Asthma and Cold Weather Triggers

Asthma and Cold Weather Triggers

Why is my Asthma worse in cold weather?

For many people, cold weather is the trigger for asthma flare-ups. These people can struggle through the winter, experiencing symptoms including increased coughing, wheezing and shortness of breath. Cold weather can also lead to a tight chest, or an asthma attack.

If your asthma flares up in cold weather, understanding the triggers and ways to avoid them could help you to manage your condition.

Why does cold air trigger asthma?

Cold air can irritate airways. When cold air passes through them, your airways can become swollen. The airways might also start to produce a hormone called histamine. Histamine is the hormone that's produced during allergic reactions.

Cold air is often very dry. As it flows through your airways, it dries them out and makes it harder to breathe.

How to avoid asthma attacks in the cold

If you're in a cold environment, you can reduce your risk of an asthma attack by breathing through a light scarf. Use your scarf to protect your neck, and warm up your airways.

If you're experiencing asthma symptoms, an anti-histamine medication may help. These can be purchased over the counter as allergy medication.

If you use a preventer inhaler, make sure that you're using it regularly. Many people forget their preventer when they're not experiencing symptoms, but it needs to be consistently used. The preventer inhaler builds up your strength over time, and using it only occasionally will not give you the proper protection.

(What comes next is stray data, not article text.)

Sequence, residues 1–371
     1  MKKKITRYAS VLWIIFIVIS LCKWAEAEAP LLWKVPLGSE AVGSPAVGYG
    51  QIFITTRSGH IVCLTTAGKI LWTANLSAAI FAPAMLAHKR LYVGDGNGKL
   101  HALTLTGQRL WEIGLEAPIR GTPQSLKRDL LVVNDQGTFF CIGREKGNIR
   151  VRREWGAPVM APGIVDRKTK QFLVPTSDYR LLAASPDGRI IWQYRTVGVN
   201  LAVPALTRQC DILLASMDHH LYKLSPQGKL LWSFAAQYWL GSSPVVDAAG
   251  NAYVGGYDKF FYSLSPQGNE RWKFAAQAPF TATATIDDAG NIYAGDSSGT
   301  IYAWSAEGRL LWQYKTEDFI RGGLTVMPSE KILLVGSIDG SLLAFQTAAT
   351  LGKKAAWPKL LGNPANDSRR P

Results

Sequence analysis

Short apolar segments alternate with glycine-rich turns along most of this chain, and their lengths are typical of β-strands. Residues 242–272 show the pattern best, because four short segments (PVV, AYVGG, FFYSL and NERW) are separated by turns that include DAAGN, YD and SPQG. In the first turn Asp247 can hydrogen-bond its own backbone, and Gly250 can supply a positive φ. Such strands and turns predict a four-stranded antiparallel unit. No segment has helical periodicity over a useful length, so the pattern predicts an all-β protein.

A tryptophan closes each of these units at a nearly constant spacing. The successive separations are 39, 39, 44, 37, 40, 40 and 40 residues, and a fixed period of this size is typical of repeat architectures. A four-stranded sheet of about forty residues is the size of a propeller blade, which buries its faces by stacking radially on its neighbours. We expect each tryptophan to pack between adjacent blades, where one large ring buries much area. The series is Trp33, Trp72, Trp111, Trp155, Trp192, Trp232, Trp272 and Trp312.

Different types of Preventer inhalers:

  • Clenil Modulite
  • Symbicort inaler
  • Seretide inhaler
  • Pulmicort inhaler
  • Fostair inhaler

Understanding your asthma weather triggers and how to treat it

Winter and asthma can be a notoriously problem pairing as there are more asthma triggers during winter than any other time of the year. If you notice a pattern of asthma flare-ups during cold weather, then it is important to take precautions. Exercising in cold weather can make asthma worse, so you may want to exercise indoors if temperatures outside are low.

Nobody can completely avoid being outdoors in cold weather. And, you wouldn't want to. Even for asthmatics, fresh air is very important. So, you'll want to understand and recognise your asthma triggers. If the cold weather makes you cough more, then consider anti-histamine medication. If it makes your throat feel dry, consider breathing through a light, thin scarf to warm and moisten the air.

If you start to experience asthma in cold weather, follow any existing asthma action plan. Your reliever inhaler should ease the symptoms, and might need to be used more frequently during the colder seasons.

Consider heading indoors if your asthma symptoms have increased in cold weather. The sudden change from cold air to warm air may result in an increase in coughing, but should slowly make your breathing more comfortable.

Try to drink more in cold weather. This extra hydration can thin any mucus that's building up naturally, and make it easier for your body to move it.

You will also want to be careful with cleanliness around the home. As cold weather forces many people to spend more time indoors, it is especially important to remove indoor triggers of asthma-like dust and mould. Keep your house ventilated where possible, and make sure to vacuum and to wash your soft furnishings frequently.

We can't avoid cold weather. But, by taking precautions and recognising cold air as an asthma trigger, you should be able to avoid the most serious asthma symptoms.

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